6 Places to Use Storytelling in Promoting Your Business

Author: Bowles Date: December 20, 2010

Storytelling—it’s not just for your kids’ bedtime. On the contrary, storytelling can be one of the most effective marketing tactics for your business, when promoted in the right medium.

“Storytelling is what people remember. It gets them talking, and can inspire action and affinity,” says Carin Galletta of Ink Foundry, a marketing communications agency in San Francisco that relies on storytelling not just for clients, but also to promote its own business. “Storytelling works for small business if it’s done authentically because it allows potential customers to get to know your brand. And if they know you and trust your company, they will buy from you.”

Storytelling can be a successful tactic for a host of channels including:

1. Press releases: Eugenia Francis, based in Irvine, Calif., created a press release to tell the story of how she created TeaCHildMath. “When my son was in the third grade, he struggled to learn the times tables through memorization,” she says. “I knew there had to be a better way, so I developed a method based on patterns to aid memory.”

Francis blasted the press release across the Internet with help from a publicity firm. As a result of the blast, the release was printed in Education Matters magazine, and TeaCHildMath was exposed to a key audience.

2.  Social media: William Wnekowicz, of Altum Design Studios in New Jersey, recently wrote a case study highlighting the success story of working with a nonprofit organization. The case study was published on the company’s website, but promoted via social media channels such as Facebook.

“The feedback has been great,” Wnekowicz says. “Not only does it give Facebook fans something to interact with, but we’ve also been gaining a lot of links back to our site from the story people disseminated and republished.” (See more Facebook tips with these downloadable presentations.)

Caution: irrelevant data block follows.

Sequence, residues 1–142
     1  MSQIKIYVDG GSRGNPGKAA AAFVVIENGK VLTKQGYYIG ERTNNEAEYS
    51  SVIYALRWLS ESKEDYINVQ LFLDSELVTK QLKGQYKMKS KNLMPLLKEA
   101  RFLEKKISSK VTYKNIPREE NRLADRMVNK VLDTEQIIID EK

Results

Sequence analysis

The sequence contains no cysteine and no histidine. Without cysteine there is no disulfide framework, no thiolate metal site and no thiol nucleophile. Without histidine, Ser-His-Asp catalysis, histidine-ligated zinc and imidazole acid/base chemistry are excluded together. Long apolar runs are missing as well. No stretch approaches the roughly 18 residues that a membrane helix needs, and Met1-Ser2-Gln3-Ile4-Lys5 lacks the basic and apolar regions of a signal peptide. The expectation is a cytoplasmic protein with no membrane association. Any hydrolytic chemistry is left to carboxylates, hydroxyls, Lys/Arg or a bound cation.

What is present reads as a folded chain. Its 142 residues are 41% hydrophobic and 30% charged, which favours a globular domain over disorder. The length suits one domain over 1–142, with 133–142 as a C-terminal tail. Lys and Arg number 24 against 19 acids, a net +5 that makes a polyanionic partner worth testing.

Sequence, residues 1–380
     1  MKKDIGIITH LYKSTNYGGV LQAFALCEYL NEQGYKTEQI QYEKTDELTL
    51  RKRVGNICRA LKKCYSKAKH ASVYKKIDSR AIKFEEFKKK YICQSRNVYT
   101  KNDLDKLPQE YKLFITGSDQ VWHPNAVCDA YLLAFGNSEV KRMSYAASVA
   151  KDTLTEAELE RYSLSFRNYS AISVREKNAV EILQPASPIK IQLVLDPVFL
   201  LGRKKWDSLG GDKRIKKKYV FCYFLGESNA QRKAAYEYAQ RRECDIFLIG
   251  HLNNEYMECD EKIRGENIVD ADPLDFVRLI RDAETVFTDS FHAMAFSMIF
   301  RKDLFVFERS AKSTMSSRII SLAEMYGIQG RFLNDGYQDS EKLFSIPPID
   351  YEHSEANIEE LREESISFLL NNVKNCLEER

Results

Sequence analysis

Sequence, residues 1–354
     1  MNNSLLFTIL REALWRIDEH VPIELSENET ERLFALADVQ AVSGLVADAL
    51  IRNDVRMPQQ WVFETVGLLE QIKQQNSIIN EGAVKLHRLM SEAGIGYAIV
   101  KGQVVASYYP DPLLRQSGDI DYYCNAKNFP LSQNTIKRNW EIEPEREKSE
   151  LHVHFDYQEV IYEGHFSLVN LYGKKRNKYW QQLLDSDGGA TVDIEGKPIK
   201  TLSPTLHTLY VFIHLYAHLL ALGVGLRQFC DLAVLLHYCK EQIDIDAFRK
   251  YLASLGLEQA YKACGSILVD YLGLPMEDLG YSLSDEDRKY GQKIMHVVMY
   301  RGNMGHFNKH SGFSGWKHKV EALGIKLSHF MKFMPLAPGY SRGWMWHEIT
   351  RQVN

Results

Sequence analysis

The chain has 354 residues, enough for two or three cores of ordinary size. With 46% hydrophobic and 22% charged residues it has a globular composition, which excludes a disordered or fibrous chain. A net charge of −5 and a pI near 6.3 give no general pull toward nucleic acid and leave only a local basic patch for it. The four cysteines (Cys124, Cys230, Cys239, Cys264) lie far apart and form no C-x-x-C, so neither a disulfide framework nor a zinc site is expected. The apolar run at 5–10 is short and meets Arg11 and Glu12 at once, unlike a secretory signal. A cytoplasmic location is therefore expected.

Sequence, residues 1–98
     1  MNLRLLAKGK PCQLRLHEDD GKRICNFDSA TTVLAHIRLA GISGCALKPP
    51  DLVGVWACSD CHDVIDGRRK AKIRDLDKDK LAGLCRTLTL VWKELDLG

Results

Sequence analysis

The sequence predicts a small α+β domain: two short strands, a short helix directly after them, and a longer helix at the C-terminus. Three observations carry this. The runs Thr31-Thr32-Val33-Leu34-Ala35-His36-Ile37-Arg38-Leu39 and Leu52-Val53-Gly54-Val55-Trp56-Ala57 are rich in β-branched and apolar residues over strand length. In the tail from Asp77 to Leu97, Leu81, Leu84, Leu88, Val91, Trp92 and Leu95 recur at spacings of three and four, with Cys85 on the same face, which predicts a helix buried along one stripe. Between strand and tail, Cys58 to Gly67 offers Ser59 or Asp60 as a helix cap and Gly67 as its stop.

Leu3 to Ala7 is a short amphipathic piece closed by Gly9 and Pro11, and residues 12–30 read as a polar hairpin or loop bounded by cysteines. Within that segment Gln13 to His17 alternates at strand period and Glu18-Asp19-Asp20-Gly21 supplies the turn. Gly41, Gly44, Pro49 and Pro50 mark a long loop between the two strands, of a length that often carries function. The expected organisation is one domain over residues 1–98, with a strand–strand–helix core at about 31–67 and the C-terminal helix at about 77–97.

3. Video: Online videos—whether posted on YouTube or on your own website—can be a powerful medium for storytelling. Business lawyer Jessica Eaves Mathews recently launched Business Brilliance University, an online learning center and legal library for entrepreneurs and small business owners. As part of the business, she has introduced BBU TV, a Web television show where entrepreneurs are interviewed about the stories behind their success.

In just one month, the TV show has gained viewers in 18 countries and more than 40,000 minutes of video have been viewed. “The interviews are very much story-driven and are captivating, entertaining and funny,” Mathews says. “These stories really resonate with people. The idea of a genuine, transparent story is such an incredible teaching tool.”

4. Newsletters: Rick Schwartz of Connecticut-based sales consultancy Sales Addiction leverages personal stories that resonate with prospective clients in his company newsletter. He often uses his wife as a recurring character in newsletter articles. “This might take the form of something self-deprecating, depicting my wife as someone who rolls her eyes at me a lot when I tell her about an idea,” he says. “Then I go on to talk about the idea.”

Doing so helps potential clients relate to Schwartz and forces them to think of him as a person rather than just a business entity. (See example of the NFIB Insight enewsletter.)

5. Blogging: Blogs are the ideal medium for storytelling, as they’re defined by conversational, relaxed writing and reader engagement.

Schwartz uses storytelling on his business’ blog to keep readers engaged and interested. In a recent post on why getting a sales lead isn’t the same as closing a sale, he referred to a scene from “Seinfeld,” in which Jerry Seinfeld explains to a rental car agent the difference between taking a reservation and holding a reservation. “At the end of the post, I embedded the YouTube video of the ‘Seinfeld’ clip,” he says.

6. Conferences: Not all marketing channels that are ideal for storytelling are digital. In-person events like conferences are prime opportunities for telling the story behind your business. Galletta recently attended a conference in which the founder of nonprofit organization Love 146 spoke. “The founder is an incredible storyteller. He has everyone there in tears,” she says.

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